There was evidence that the bedroom of the deceased was located in the rear of the house on the southeast corner of the second floor and that it was directly over the bedroom of the defendant. His bedroom was to the left of the head of a staircase. The door leading to his bedroom was located in the northerly wall in the northwest corner. It swung inward and to the left. A double bed was placed parallel to the south and north walls and the head of the bed was against the westerly wall between the bedroom and a bathroom just beyond. The distance from the left side of the bed to the door was three feet six inches. The bed was four feet six inches wide. The room itself was about thirteen by ten feet in dimensions. The defendant's version of the shooting disclosed by her testimony, which was in accordance with what she ultimately told the police before the trial, was substantially as follows: The deceased returned from the hunting trip on Monday, December 7, at about 7:30 P.M. He talked with the defendant and his children. He had left the double barreled gun, which he had borrowed, on the porch and at his request one of his sons brought it into the house. The deceased "looked through" the gun as was his custom and left it in the first floor hall. The defendant offered to prepare supper for him, but he said "never mind. I know that you are not feeling good, and I will go down street." (The defendant was an expectant mother at the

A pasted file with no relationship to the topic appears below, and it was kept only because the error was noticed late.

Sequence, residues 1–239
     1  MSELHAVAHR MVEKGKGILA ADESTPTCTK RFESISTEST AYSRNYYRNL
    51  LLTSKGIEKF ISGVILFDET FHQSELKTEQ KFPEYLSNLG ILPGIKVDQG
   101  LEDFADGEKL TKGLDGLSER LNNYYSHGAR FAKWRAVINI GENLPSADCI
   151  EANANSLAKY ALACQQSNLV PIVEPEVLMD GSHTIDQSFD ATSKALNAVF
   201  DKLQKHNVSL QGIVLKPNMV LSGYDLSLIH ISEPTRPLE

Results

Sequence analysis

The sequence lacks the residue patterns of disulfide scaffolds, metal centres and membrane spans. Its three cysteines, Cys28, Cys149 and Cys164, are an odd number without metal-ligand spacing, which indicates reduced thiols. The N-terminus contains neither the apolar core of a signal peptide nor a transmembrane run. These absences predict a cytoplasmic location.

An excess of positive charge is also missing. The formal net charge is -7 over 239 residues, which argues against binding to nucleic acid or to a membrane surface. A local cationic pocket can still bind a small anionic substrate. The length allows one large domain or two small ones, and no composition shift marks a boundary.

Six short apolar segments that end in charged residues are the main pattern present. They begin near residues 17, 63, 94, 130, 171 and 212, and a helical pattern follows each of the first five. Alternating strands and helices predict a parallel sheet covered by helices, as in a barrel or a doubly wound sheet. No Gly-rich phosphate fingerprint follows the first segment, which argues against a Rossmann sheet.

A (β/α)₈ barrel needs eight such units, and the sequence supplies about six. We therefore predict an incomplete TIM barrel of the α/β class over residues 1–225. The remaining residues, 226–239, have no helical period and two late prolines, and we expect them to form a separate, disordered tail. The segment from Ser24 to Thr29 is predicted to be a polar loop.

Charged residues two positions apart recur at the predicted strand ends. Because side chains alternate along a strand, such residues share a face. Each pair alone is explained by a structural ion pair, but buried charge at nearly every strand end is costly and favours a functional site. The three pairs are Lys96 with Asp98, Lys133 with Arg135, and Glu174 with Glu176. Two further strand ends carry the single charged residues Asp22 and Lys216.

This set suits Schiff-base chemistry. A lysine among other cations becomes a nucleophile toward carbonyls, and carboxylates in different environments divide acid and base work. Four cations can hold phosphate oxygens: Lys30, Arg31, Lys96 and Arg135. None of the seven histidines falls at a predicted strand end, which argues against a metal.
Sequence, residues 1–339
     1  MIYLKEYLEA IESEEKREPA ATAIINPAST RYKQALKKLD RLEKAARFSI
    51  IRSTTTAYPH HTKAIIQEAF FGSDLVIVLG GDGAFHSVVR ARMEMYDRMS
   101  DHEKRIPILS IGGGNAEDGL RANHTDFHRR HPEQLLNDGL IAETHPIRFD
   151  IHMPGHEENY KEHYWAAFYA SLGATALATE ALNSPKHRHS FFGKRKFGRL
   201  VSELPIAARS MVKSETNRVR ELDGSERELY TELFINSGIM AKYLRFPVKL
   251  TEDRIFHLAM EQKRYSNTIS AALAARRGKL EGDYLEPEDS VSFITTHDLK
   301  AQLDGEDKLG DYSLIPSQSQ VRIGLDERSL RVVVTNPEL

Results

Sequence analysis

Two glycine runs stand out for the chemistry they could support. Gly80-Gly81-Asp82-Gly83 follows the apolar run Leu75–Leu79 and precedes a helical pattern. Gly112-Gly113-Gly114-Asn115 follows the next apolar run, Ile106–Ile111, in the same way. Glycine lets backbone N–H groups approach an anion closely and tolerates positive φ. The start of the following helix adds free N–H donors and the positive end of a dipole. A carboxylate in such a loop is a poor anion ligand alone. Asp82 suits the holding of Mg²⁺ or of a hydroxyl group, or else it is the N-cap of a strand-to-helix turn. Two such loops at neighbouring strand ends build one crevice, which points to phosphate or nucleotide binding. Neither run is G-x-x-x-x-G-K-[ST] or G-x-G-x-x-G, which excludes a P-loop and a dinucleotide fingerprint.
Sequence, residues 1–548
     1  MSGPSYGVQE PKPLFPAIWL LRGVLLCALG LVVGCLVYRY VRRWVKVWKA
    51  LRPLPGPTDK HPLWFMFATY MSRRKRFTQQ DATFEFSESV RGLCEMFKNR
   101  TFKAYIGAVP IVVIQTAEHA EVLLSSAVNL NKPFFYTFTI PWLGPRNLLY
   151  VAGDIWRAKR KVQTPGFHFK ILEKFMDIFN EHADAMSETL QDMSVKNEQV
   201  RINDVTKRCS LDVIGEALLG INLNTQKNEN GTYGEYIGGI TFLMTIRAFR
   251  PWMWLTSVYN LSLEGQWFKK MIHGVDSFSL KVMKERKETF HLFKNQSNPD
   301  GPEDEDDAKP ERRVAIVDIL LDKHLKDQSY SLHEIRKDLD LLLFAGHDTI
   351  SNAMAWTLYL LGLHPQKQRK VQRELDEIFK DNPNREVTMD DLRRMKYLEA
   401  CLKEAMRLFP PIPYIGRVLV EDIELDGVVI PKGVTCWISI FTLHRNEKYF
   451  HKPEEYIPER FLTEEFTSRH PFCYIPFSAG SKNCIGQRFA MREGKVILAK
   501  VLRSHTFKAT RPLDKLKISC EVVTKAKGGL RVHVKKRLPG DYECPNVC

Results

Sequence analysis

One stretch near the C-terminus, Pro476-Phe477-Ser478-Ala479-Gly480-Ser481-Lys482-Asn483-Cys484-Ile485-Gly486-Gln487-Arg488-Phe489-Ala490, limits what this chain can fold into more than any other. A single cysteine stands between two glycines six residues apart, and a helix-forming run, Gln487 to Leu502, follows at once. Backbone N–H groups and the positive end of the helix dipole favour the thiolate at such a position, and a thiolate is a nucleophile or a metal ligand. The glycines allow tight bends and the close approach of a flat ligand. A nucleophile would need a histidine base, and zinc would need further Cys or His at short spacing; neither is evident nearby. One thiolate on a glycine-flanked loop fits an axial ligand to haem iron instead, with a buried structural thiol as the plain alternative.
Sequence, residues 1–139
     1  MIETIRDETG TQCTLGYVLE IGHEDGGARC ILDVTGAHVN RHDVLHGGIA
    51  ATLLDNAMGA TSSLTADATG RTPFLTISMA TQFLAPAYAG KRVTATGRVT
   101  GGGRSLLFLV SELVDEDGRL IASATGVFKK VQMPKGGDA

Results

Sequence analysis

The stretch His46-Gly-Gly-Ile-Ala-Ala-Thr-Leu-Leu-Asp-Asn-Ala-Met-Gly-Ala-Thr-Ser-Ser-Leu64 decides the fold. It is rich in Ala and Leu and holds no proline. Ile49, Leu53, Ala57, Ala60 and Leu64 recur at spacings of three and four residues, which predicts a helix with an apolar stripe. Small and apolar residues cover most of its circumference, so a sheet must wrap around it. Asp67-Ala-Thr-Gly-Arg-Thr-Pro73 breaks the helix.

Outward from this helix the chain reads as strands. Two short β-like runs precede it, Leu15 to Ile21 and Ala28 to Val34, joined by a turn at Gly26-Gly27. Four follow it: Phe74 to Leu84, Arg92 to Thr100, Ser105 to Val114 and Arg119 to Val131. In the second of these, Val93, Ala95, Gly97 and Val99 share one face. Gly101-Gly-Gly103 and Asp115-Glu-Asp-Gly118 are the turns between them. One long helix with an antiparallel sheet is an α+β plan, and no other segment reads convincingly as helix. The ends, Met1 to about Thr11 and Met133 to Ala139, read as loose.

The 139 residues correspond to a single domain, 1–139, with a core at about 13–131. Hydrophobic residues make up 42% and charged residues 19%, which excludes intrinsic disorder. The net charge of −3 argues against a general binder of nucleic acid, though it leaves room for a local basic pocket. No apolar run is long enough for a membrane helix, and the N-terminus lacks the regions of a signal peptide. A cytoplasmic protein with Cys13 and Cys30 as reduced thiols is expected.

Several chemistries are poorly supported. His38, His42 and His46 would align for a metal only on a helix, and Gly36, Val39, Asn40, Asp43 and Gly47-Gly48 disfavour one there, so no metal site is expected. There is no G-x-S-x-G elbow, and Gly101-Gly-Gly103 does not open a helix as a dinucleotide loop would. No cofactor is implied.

time.) The deceased left the house saying that he would return "shortly after 8." At about 8:30 P.M. the defendant went to bed in her first floor bedroom. She had removed her shoes but was fully dressed otherwise. She knew that the baby was going to be born because she had "labor pains." The deceased returned to the house at about 2:30 A.M. the following day (December 8). The defendant was awake at the time and saw the deceased go into the kitchen. There was no conversation between the defendant and the deceased. The deceased sat down and took off his hunting shoes. The defendant heard him mumbling. She "mistrusted that he had been drinking." He then went upstairs to the bathroom and thence to his bedroom. The defendant heard sounds which indicated that he had gone to bed. About fifteen or twenty minutes later the defendant put on the light in the upper hallway and went upstairs to the bathroom. The door of the deceased's bedroom was open and glancing in the defendant saw him in bed. She saw the gun in the corner of the bedroom to the right of the doorway as one enters. Returning from the bathroom she looked into the deceased's bedroom and saw the gun again. The "wooden part" of the gun was against the floor. The barrel of the gun was leaning against the wall. The back of the deceased's head was resting on his pillow. He was sleeping, breathing heavily. The defendant knew that he kept "shells" in his room. The defendant "stepped into his room" a "step or two" and "went to take his gun out." She noticed "his clothes in a pile"; she kicked them aside and "took hold of the gun," and all she remembers was "I went to turn, and as I turned, I bumped something, and the gun went off, and it flew from my hands" and "I went downstairs." The defendant further testified that she "just grabbed the gun"; that she knew "his clothes were in the front somewhere . . . [she] kicked them aside . . . with . . . [her] foot"; that "at the time . . . [she] was watching him . . . Because . . . [she] didn't want to wake him up"; that she stooped over and took the gun off the floor; that when she had taken hold of it she thought that she started to turn to her left; that she thought it was then that